A review of Threnody by Tom Clark
by Tom Clark
effing press, 2006
Dead ends are ponderous. You look over your shoulder to see if anyone is looking. You listen for the echoes of your thoughts crashing through memories you had once forgotten--and then they resurface to haunt you. Perhaps the tides of living people everywhere suggest that all is well. We spend. We thrive. But we live on air and are habituated to the patterns of ghosts. "Literature" and "poetry" leave a sense of mystery strangely alive, and then words and images are absorbed by the cellular bulge an audience creates to honor the transference of language from person to object and back in a finite coil of sound and hope prolonged and misplaced. The dead end appears enormous for a moment, like a medieval glimpse of heaven. And then you return to earthly things--to live in the hallucinated fragments of a gone world.
Toward an exegesis of contemporary ghost culture, Tom Clark, in the mournfully titled Threnody (Effing 2006), writes:The heavy industries that built our world and shaped our lives are dying. The sounds and sights in these grim cathedrals they've left behind--the empty vestiges of their once throbbing rituals, the iron foundries and sheet metal works, the copper smelting and cable manufacturing plants--echo and reflect their death throes. A pall of absence as dense as a toxic cloud hangs over things. Yet time continues to move forward: along rusted tracks and corroded rails, down dark alleys, across suspended gangways, past girders dangling precariously in black air, around blind corners through a labyrinth of internal factory corridors. Time that is the ghostly material medium in which we think and act--compelled onward yet never knowing where we're going, turned aside, derailed, misled, diverted, confused, disoriented and finally lost--continues to grind on, as long as we keep breathing. This world of time through which we travel, which we have made, and which has made us, has only one direction, forward, and one speed, this speed, and one destination, a dead end that repeats itself over and over.
Clark's poems in this brief meditation relate a stark sense of time (like, our times, or modern times). "The flagman waves," on rails that "stretch out before us." This is a work of spatial and temporal urgency where signals arrive against backgrounds of snow with "A few barren branch-frosted trees fingering the wind." In the world of the poem we find "A lonely semaphore in the snow / Its signal a brief pill of color melting into and blotting the monochrome white / Snow thinly drifting on the tracks." Against the barren extension of "empty loading ramps," "interstices in guardrails and fences," and "white-dark hulking shapes," one dream persists: "A pale glimmering signal light." One poem, "Locomotive," is significant for its spare relation in imagery of internal vacancy, impending doom, and a cold, industrial wreckage in which we find home:We continue on between long low abandoned factory buildings with loading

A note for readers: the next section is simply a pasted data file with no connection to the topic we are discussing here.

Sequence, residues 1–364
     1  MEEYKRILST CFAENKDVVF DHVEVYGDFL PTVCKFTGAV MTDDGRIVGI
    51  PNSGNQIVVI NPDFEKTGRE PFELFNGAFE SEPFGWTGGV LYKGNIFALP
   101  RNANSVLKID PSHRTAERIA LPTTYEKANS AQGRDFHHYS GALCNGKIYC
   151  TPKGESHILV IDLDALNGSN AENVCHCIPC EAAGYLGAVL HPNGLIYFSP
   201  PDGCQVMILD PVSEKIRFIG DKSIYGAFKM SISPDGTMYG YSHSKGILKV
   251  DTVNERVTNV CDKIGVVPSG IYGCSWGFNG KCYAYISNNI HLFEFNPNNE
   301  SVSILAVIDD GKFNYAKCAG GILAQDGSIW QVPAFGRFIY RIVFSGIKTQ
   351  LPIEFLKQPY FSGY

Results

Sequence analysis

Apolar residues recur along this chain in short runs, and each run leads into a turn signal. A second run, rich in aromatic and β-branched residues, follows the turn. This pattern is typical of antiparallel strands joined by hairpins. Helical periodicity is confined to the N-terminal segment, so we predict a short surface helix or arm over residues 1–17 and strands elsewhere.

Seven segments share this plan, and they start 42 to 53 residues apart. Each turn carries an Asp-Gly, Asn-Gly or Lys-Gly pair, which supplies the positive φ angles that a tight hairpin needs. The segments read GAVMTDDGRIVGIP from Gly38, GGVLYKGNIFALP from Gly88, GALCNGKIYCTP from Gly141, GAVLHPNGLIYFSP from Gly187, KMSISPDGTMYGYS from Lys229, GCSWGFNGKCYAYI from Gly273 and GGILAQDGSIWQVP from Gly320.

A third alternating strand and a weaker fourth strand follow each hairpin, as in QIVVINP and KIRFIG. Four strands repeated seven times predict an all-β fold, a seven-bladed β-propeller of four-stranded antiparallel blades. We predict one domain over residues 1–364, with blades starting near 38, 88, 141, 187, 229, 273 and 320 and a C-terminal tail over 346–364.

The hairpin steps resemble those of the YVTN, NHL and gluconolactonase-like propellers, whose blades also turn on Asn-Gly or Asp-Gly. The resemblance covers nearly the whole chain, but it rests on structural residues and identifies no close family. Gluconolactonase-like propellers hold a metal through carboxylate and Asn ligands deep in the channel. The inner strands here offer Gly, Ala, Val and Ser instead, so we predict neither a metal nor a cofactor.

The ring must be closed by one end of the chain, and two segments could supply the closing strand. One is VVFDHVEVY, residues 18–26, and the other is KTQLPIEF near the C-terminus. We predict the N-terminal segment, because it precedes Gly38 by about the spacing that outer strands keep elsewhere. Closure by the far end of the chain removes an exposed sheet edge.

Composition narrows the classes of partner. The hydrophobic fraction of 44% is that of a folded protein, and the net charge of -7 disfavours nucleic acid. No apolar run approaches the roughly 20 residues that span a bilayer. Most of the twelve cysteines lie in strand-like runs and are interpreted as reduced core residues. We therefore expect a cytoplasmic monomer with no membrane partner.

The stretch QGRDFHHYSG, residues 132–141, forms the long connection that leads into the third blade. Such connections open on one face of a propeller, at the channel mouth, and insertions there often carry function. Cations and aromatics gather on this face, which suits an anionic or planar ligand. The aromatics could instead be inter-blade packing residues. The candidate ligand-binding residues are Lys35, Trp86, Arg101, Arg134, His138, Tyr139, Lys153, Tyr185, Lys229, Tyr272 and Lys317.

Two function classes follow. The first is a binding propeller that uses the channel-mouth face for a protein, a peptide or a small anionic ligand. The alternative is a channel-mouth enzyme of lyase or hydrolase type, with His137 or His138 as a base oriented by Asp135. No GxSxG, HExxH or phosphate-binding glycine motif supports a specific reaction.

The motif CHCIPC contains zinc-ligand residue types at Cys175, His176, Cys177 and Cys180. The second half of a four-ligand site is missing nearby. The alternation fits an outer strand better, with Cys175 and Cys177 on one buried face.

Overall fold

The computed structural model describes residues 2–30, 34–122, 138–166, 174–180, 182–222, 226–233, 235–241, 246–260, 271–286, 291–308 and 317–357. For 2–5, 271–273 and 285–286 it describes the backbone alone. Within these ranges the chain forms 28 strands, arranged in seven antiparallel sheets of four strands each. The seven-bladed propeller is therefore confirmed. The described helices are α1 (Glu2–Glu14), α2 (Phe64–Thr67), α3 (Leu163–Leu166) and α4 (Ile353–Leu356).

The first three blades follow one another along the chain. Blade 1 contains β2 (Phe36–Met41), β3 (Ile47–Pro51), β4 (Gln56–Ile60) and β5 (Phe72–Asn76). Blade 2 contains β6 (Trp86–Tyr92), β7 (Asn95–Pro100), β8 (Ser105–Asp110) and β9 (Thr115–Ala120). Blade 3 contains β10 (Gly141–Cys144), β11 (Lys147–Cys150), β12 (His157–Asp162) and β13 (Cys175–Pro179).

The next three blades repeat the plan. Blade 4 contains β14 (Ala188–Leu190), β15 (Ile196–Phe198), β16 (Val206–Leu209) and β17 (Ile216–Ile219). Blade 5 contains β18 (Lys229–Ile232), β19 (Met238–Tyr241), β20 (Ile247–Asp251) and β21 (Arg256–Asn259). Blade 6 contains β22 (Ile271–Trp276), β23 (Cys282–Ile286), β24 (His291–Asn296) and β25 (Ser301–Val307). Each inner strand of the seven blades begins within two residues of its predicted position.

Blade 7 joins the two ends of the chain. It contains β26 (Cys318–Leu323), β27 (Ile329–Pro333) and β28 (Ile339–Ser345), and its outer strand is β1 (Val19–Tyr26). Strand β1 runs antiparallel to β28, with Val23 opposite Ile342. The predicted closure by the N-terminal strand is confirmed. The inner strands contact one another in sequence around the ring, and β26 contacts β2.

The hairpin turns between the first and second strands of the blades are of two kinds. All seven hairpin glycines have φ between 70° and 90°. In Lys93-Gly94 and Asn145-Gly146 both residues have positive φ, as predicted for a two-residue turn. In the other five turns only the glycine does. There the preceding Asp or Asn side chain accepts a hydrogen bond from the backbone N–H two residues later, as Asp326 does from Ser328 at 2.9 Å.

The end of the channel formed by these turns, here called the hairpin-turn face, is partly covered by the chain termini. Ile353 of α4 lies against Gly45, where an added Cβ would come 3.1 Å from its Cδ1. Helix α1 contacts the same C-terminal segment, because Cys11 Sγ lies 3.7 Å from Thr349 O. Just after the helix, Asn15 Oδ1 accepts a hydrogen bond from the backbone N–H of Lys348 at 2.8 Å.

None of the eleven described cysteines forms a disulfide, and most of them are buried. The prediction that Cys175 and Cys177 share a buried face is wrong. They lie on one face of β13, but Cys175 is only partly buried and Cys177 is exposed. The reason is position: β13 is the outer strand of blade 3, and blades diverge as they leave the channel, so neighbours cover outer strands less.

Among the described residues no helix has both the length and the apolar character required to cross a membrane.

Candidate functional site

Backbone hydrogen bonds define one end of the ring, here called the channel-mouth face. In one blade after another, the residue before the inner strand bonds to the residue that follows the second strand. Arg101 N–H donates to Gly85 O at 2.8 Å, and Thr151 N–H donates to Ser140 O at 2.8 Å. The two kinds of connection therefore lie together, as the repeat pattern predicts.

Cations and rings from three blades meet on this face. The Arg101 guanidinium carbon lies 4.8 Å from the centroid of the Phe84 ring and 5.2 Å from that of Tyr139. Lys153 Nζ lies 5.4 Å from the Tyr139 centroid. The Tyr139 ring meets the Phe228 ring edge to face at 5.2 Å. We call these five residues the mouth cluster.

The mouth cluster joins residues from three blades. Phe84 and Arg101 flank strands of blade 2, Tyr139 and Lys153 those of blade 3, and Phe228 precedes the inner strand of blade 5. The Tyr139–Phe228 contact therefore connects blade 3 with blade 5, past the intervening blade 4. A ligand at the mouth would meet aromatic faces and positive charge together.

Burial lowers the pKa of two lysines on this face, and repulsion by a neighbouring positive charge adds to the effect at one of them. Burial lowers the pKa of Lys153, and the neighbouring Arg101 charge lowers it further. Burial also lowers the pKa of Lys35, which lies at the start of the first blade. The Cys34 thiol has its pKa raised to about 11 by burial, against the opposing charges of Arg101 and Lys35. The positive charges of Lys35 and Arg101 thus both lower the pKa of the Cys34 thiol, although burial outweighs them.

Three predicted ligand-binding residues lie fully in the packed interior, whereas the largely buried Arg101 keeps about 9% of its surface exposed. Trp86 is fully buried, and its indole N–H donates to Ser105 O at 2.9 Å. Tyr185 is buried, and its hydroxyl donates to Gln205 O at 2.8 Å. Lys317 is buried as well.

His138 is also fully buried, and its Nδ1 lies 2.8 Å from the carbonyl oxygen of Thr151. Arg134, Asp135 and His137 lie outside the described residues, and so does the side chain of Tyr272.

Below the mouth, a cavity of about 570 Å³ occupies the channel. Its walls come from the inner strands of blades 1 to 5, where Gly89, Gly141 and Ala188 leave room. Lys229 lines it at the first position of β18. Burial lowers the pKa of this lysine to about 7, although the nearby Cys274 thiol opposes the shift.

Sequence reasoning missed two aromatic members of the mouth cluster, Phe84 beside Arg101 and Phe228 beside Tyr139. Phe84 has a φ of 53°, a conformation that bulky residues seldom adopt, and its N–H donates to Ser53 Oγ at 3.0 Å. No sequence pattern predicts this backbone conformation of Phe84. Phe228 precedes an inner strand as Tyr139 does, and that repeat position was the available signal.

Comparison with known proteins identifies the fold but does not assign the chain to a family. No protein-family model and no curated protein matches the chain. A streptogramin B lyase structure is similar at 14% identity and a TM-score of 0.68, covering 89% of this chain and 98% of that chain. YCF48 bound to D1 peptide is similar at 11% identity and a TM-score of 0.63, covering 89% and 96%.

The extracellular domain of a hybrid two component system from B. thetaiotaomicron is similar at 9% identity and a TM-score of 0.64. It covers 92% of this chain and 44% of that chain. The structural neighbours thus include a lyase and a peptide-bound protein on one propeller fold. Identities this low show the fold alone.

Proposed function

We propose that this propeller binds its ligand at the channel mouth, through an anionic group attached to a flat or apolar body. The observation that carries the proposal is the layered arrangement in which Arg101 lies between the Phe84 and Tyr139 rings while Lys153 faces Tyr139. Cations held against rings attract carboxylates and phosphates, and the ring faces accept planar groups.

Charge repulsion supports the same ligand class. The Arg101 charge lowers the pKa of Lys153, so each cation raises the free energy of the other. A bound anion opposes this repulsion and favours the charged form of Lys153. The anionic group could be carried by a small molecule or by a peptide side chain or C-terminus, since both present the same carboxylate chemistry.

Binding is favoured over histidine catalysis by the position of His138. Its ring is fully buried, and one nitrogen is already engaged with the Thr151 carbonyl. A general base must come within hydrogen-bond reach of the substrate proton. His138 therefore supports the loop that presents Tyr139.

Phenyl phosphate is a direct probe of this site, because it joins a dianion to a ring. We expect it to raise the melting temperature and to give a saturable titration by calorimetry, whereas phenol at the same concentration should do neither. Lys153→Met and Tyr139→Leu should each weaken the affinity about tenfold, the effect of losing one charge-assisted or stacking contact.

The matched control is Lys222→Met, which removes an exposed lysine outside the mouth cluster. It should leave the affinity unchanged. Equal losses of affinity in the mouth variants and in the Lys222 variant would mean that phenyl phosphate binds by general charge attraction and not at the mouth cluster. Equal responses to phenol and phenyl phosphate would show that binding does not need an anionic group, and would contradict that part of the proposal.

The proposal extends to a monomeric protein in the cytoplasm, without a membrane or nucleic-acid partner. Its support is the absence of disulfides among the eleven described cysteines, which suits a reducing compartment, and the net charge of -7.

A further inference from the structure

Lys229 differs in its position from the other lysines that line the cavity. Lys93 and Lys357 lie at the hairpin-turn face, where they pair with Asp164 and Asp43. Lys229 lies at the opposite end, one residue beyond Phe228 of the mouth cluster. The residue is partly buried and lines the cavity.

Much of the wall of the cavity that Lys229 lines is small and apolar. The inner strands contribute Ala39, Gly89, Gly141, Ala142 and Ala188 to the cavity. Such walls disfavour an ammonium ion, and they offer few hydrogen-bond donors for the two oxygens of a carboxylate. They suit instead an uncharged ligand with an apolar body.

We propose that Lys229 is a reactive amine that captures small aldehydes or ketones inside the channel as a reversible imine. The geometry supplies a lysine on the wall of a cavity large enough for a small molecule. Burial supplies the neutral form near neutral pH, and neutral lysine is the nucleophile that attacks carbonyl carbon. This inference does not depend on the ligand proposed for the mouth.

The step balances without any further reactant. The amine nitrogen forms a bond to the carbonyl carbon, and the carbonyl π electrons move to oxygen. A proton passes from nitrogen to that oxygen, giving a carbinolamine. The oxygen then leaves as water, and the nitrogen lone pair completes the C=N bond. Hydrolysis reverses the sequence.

ramps and crooked rickety wooden steps
Absence the air that we breathe
Emptiness now again pervading the world through which we move
We follow the tracks
The windows in the squat dark buildings opaque and black
Snow-drifts scarred by dark shapes of heavy industrial equipment dismantled
and left in pieces
Iron rusting under snow
On rails parallel to our own a steam locomotive approaches
Belching black smoke into gray-white air
These ten poems are presented with line drawings by the author in a folio edition elegant and spare as the poems. Images reveal tracks and containers that vanish against the horizon. Empty street-scenes too reveal industrial parks with geometric sturdiness and relate a kind of hygienic decay of old forms. It's as if the phenomenal world mirrors our internal states of mind and emotions. I wonder if such external forms feel pressured into compliance with a future that slips into them according to failures of human vision. Or do we, according to Clark's spatial elegies, receive news or omens of our crumbling temporal present through objects against which our bodies move? Each image traces parallel lines through empty urban spaces. Gorgias of Leontini comes to mind, for of the older Sophists it was he who denied both the existence of being and non-being. For nothing, as he has it, can be known. If it were known, it could not be communicated, and the incommunicable has no form. But Clark's more social aim embraces language as the medium of our situation, and so there is a unique, but ghost-like pleasure in these spare visions--pleasure in an accuracy of perception given to our situation now as migrant wanderers in a world of objects we are slowly losing grasp of.
I can understand Clark's committed social inquiry and condemnation. Or is it more properly a sad realization? The impotent husks of a world transposed to transparent forms. He reads these structures to reveal something in post-human and abstract spatial geographies inhabited by ghosts. These poems are powerful because they are true to a certain condition of experience. It's hard to imagine an audience for this book who won't be drawn toward a meditative vision--a kind of Schopenhauerian blunt rejection of what life purports to be in the great blank expanse of our present. This is a critical, yet unrelenting, sequence that moves attention into the nature of things--an accumulated present of forlorn forms that, much like the inner life we inherit from the past, mutates and atrophies according to the uses of each member.